A fresh allocation of IMF Special Drawing Rights (SDRs), if implemented, would provide a welcome boost to the depleted foreign exchange reserves of some distressed frontier economies. But an allocation wouldn’t address underlying dire debt dynamics, notably in Ecuador, Sri Lanka, Ethiopia and Zambia.
- A fresh allocation of IMF Special Drawing Rights (SDRs), if implemented, would provide a welcome boost to the depleted foreign exchange reserves of some distressed frontier economies. But an allocation wouldn’t address underlying dire debt dynamics, notably in Ecuador, Sri Lanka, Ethiopia and Zambia.
- An SDR allocation was first mooted during the COVID-19 crisis at the height of the market turmoil in March last year, but opposition from the US quashed the plan. (SDR allocations require 85% approval by IMF members, and the US holds 16.5% of the votes.) The proposal has now been resurrected thanks to new impetus from the Biden administration. Following a letter from US Treasury Secretary Janet Yellen, the G20 yesterday gave the IMF the “green light” to “work on” a new SDR allocation.
- A $500bn allocation has been floated. That would dwarf the $250bn and $34bn allocations in the Global Financial Crisis, although it would be lower than the $1trn floated in April 2020. One reason why $500bn looks more likely is that the US can vote for an allocation of up to $649bn without congressional approval.
- In terms of the impact on frontier economies, three points are worth making. First, the boost to the depleted FX reserves of debt-distressed frontiers would be large. One common criticism of SDR allocations is that about 70% go to developed economies and richer emerging markets with ample FX reserves like China, so the most distressed frontiers would receive relatively fewer resources. This is because allocations are made according to IMF quotas, which in turn are determined by a formula based largely on GDP.
- But in percentage terms (rather than absolute terms), the poorest and most debt-distressed EMs would receive the greatest uplift in gross FX reserves. A $500bn SDR allocation would increase FX reserves in Sri Lanka, Ecuador, Argentina, Ethiopia and Belize (where bonds are trading at highly distressed levels) by 10-15%, and Zambia’s (where the sovereign is currently in default) by almost 90%. In contrast, the boost to reserves would be just 1-3% in China, Korea, India, Thailand, the Philippines and Russia.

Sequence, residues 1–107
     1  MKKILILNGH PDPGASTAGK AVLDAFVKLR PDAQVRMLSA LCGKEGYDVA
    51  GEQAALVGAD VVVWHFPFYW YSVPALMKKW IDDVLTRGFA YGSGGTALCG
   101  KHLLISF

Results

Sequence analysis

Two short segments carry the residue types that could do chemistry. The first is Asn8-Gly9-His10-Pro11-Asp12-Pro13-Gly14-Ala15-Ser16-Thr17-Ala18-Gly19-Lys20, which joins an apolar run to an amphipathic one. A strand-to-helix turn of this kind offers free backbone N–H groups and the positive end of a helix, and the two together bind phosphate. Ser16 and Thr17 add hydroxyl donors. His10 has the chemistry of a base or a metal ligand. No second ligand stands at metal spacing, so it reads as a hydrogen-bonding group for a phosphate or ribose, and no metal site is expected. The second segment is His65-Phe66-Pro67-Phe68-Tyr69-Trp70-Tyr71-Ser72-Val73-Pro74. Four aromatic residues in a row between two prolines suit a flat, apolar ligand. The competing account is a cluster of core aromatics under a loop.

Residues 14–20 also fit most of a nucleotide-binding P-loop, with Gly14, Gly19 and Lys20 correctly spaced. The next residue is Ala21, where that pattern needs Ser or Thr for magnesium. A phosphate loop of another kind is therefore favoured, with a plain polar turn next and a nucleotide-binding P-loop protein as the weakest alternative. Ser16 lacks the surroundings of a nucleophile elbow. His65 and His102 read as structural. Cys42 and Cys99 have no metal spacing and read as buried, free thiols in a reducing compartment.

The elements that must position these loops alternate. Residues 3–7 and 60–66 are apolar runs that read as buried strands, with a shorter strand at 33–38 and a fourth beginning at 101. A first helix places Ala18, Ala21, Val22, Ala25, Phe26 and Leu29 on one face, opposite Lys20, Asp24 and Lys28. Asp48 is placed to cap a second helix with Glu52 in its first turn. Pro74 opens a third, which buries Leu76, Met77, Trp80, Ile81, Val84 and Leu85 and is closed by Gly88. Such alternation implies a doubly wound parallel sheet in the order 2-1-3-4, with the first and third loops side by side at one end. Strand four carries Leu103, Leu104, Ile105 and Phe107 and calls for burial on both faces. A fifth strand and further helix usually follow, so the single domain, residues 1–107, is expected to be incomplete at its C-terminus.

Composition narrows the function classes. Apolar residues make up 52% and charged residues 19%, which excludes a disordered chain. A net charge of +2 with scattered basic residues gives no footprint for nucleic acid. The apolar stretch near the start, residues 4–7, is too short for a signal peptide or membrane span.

- The second and related point, though, is that the boost would clearly be bigger if the G20 and the IMF agreed to a mooted “reallocation mechanism” – but we’re not holding our breath. Any country can in theory lend or gift its SDRs to another country. But a more formal reallocation mechanism managed by the Fund would involve complex (and highly political) judgements about which countries need the SDRs and which do not. Another complication may be that some countries might ask for the reallocated SDRs to be conditional on economic reforms, much like traditional IMF programmes. Or they might ask for constraints on how the reallocated SDRs can be spent (e.g. on food imports rather than debt servicing).
- Third, an SDR allocation would not address underlying dire debt dynamics of highly distressed EMs. Larger gross reserve assets might help countries to make near-term debt repayments and plug gaps in their balance of payments. Indeed, reports earlier this week suggested that Argentina could use a fresh SDR allocation to make a debt repayment (ironically to the IMF!) in September. Other distressed EMs could follow suit.
- But this would simply delay the inevitable. And by sustaining economic imbalances for longer, it could potentially even make eventual debt restructurings and macro adjustments more painful. Accordingly, even if a fresh SDR allocation is implemented, we continue to expect sovereign debt restructurings in Zambia, Ethiopia, and possibly Sri Lanka too. And further restructurings will be needed Argentina and Ecuador.
Edward Glossop, Senior Emerging Markets Economist, firstname.lastname@example.org